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R: [Marbling] The making of colour for marbling

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  • ElizabethOrme
    Thank you very much for your rapid reply. I ll try! Elizabeth ... From: irisnevins To: Sent: Tuesday, April
    Message 1 of 1 , Apr 25, 2000
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      Thank you very much for your rapid reply. I'll try!
      ----- Original Message -----
      From: irisnevins <irisnevins@...>
      To: <Marbling@egroups.com>
      Sent: Tuesday, April 25, 2000 4:28 PM
      Subject: [Marbling] The making of colour for marbling

      > Elizabeth.....
      > I don't know what atragant gum is....gum tragacanth? Seems to me you maybe
      > don't have enough "wetting agent" ie.ox-gall. Try alcohol. Forget the
      > ox-gall until later as a dispersing agent as needed. Most alcohols will
      > work, use them sparingly.
      > It is hard to advise generically on paint making, as every pigment (and
      > every form of it...or whether it's pure or has filler of some sort) has
      > distinct chemical and physical properites. I have to treat each
      > differently. There is no one marbling paint formula. I have spent over two
      > decades fine tuning the process and am not finished yet, and sometimes it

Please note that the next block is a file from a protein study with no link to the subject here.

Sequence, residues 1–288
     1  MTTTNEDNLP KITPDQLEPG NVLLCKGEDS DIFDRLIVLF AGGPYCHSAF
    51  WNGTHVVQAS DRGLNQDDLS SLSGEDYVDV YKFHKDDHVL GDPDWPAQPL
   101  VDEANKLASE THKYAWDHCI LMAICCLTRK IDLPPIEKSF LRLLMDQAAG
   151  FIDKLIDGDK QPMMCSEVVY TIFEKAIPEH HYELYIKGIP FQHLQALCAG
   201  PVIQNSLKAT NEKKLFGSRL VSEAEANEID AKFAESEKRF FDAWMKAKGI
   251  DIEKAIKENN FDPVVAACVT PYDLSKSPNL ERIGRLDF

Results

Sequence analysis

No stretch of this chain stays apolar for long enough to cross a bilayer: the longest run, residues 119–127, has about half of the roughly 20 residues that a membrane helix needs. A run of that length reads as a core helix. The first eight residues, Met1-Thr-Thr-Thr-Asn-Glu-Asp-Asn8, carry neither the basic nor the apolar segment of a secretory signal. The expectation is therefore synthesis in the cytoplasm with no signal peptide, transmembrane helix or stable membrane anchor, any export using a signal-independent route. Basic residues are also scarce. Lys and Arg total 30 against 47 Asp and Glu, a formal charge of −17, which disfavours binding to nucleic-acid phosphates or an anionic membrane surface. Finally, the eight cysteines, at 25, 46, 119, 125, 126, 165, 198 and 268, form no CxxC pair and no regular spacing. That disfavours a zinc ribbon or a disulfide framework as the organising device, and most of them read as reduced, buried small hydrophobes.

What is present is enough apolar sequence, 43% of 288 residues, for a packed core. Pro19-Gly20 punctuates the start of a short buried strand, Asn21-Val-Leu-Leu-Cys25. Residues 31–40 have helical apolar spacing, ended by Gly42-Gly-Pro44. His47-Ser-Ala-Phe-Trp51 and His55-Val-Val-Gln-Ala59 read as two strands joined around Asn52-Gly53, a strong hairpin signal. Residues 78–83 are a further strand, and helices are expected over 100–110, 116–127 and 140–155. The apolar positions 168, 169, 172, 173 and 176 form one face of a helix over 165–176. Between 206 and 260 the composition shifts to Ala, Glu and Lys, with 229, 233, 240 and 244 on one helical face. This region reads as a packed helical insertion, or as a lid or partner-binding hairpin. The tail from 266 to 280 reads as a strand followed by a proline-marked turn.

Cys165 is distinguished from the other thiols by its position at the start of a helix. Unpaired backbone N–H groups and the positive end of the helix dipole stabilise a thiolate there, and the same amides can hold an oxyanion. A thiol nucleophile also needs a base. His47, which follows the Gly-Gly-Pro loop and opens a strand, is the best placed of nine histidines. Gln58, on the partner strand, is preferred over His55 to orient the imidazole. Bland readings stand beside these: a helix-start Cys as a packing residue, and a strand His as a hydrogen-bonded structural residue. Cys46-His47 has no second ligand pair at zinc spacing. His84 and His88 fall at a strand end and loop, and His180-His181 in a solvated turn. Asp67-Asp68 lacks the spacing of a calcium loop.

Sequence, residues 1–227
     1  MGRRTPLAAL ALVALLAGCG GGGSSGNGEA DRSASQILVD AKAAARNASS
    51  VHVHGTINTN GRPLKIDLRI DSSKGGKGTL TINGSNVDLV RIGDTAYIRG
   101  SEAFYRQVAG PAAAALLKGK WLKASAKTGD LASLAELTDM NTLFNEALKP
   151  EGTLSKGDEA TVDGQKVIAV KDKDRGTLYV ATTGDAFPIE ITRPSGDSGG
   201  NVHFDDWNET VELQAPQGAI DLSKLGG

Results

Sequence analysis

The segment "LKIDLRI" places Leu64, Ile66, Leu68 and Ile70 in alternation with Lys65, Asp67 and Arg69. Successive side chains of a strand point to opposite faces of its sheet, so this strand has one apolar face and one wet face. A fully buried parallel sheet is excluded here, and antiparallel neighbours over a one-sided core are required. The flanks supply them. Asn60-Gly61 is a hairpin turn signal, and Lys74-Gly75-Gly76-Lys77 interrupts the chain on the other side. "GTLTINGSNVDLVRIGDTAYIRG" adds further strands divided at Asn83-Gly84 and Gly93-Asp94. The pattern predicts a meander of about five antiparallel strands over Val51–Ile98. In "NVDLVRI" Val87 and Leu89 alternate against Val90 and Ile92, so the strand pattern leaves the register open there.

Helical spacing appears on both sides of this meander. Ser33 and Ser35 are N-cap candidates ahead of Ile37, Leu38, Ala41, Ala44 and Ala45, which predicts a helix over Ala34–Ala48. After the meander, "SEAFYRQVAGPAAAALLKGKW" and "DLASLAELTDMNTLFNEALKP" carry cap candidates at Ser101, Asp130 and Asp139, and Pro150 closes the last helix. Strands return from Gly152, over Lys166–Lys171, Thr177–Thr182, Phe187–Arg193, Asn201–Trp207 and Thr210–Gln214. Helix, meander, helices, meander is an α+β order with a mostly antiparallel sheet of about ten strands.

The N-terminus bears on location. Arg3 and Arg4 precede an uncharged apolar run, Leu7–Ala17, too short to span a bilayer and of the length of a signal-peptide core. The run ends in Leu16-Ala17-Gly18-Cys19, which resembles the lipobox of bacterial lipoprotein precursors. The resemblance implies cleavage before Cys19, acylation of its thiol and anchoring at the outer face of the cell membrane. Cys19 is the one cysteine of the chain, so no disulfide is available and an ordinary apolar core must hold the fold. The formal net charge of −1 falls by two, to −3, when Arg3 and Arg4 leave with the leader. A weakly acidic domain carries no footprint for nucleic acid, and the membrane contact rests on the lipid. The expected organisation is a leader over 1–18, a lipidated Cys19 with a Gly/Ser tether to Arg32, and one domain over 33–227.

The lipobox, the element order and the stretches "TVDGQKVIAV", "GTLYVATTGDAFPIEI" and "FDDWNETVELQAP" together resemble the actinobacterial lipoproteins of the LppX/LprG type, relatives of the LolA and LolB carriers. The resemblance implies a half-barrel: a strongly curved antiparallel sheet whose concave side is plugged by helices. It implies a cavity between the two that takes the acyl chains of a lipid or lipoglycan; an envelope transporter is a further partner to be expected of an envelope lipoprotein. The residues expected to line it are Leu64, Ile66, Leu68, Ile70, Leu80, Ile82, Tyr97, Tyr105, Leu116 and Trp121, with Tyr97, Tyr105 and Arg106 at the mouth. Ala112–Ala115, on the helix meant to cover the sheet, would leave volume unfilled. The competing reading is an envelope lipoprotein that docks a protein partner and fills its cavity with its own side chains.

> can drive me mad! Since it is my livelihood.....well I keep at it through
      > the difficult times.
      > I do not use any color enhancing agents. My paints (at least the water
      > based ones) are geared towards the ability to attain a certain look....the
      > look of early papers, deep but a little muted. Not all marblers care for
      > this, and those who want a more intense color can use a paint such as
      > Colophon sells. I don't even know of any color enhancers, but maybe they
      > are out there.
      > Also a big mistake is using too much pigment, thinking you will attain a
      > deeper color. Pigments all have differing specific gravity, and if the
      > solution is very dense, it becomes heavier than the size bath, and the
      > color, while it may look intense on the bath ...by the time you lay the
      > paper, it has begun a slow sinking towards the bottom, and the color comes
      > up pale on the paper. Try the alchohol, and maybe less pigment this may
      > work.
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